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INTERNET DRAFT                                             Jung-Soo Park
Expires: April 2003                                        Myung-Ki Shin
                                                                    ETRI
                                                            October 2002


                  Link Scoped IPv6 Multicast Addresses
               <draft-ietf-ipv6-link-scoped-mcast-02.txt>


Status of this Memo

     This document is an Internet-Draft and is in full conformance with
     all provisions of Section 10 of RFC2026.

     Internet-Drafts are working documents of the Internet Engineering
     Task Force (IETF), its areas, and working groups. Note that other
     groups may also distribute working documents as Internet-Drafts.

     Internet-Drafts are draft documents valid for a maximum of six
     months and may be updated, replaced, or made obsolete by other documents
     at anytime. It is inappropriate to use Internet-Drafts as reference
     material or to cite them other than as "works in progress."

     The list of current Internet-Drafts can be accessed at
     http://www.ietf.org/ietf/1id-abstracts.txt.

     The list of Internet-Draft Shadow Directories can be accessed at
     http://www.ietf.org/shadow.html.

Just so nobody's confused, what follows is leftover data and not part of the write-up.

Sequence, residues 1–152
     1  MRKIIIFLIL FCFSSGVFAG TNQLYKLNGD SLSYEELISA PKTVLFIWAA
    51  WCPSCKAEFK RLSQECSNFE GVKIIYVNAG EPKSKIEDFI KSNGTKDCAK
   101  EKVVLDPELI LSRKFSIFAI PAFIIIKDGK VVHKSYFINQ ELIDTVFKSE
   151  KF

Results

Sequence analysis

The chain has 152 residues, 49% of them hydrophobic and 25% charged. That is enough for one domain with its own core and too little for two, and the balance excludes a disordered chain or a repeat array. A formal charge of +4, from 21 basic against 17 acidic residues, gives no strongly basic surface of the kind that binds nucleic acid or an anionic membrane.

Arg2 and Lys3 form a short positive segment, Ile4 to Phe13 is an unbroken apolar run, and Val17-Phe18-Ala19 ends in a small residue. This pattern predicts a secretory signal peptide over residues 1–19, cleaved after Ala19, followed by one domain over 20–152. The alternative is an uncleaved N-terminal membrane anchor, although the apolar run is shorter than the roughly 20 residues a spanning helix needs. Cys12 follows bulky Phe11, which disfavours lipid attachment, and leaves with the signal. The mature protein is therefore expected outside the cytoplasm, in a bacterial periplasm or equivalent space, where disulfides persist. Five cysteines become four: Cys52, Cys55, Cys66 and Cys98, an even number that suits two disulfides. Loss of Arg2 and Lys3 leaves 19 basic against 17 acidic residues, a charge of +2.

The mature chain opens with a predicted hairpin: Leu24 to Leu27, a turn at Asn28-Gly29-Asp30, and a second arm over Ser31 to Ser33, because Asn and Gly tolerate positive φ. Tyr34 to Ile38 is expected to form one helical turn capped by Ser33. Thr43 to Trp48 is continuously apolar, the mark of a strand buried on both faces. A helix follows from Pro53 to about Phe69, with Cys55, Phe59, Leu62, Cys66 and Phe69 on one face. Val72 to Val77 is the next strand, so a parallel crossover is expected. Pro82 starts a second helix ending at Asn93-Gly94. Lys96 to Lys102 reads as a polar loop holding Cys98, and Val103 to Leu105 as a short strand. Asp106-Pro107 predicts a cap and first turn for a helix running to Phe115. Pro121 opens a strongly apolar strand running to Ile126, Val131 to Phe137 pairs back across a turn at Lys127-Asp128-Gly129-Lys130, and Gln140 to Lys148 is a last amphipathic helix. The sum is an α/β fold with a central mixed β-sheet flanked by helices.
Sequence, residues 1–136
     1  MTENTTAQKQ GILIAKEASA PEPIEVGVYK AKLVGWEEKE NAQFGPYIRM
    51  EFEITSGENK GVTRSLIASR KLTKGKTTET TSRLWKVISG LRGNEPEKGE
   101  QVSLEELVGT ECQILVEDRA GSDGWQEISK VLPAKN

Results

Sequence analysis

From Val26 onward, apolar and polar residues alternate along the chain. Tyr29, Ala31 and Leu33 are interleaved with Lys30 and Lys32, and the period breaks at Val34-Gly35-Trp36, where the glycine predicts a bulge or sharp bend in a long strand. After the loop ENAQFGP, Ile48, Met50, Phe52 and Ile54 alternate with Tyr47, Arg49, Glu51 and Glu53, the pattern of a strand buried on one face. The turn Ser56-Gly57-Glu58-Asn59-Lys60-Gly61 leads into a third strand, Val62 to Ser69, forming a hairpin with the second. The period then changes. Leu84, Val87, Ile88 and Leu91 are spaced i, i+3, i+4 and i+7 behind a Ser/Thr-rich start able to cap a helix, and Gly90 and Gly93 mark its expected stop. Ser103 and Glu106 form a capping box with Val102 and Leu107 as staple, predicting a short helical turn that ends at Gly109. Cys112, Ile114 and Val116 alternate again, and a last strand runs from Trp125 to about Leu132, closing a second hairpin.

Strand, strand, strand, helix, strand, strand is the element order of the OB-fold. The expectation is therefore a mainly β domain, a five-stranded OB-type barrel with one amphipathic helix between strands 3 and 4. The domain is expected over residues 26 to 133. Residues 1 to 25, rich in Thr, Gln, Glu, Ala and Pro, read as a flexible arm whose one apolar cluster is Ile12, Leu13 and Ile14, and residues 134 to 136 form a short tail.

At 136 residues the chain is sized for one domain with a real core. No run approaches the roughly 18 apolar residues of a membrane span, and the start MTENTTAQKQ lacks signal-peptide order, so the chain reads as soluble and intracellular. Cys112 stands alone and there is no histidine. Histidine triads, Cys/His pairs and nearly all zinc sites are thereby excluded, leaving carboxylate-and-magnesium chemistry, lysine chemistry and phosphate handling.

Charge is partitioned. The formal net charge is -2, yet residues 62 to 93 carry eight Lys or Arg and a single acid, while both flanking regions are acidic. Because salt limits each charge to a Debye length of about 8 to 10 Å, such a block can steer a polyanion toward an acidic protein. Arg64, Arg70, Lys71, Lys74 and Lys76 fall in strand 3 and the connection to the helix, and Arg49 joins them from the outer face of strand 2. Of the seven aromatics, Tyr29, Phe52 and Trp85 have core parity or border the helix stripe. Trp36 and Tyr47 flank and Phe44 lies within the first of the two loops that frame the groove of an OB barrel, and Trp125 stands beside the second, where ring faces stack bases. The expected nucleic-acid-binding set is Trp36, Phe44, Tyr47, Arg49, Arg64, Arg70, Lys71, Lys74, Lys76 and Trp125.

Abstract

     This document specifies an extension to the multicast addressing
     architecture of the IPv6 protocol.  The extension allows for the
     use of interface-IDs to allocate multicast addresses.  When the
     link-local unicast address is configured at each interface of a host,
     an interface ID is uniquely determined.  By delegating multicast
     addresses at the same time as the interface ID, each host can identify
     their multicast addresses automatically at Layer 1 without running
     an intra- or inter-domain allocation protocol in serverless
     environments.



Table of Contents:

     1. Introduction
     2. Terminology
     3. Applicability
     4. Link scoped multicast address format
     5. Source-specific multicast addresses



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     6. Examples
     7. Considerations
     8. Security considerations
     9. References
    10. Acknowledgements


1. Introduction

     This specification defines an extension to the multicast portion of
     the IPv6 addressing architecture [ADDRARCH].  The current
     architecture does not contain any built-in support for dynamic
     address allocation.  The extension allows for use of interface-IDs to
     allocate multicast addresses.  When the link-local unicast address
     is configured at each interface of a host, an interface ID is uniquely
     determined.  By delegating multicast addresses at the same time as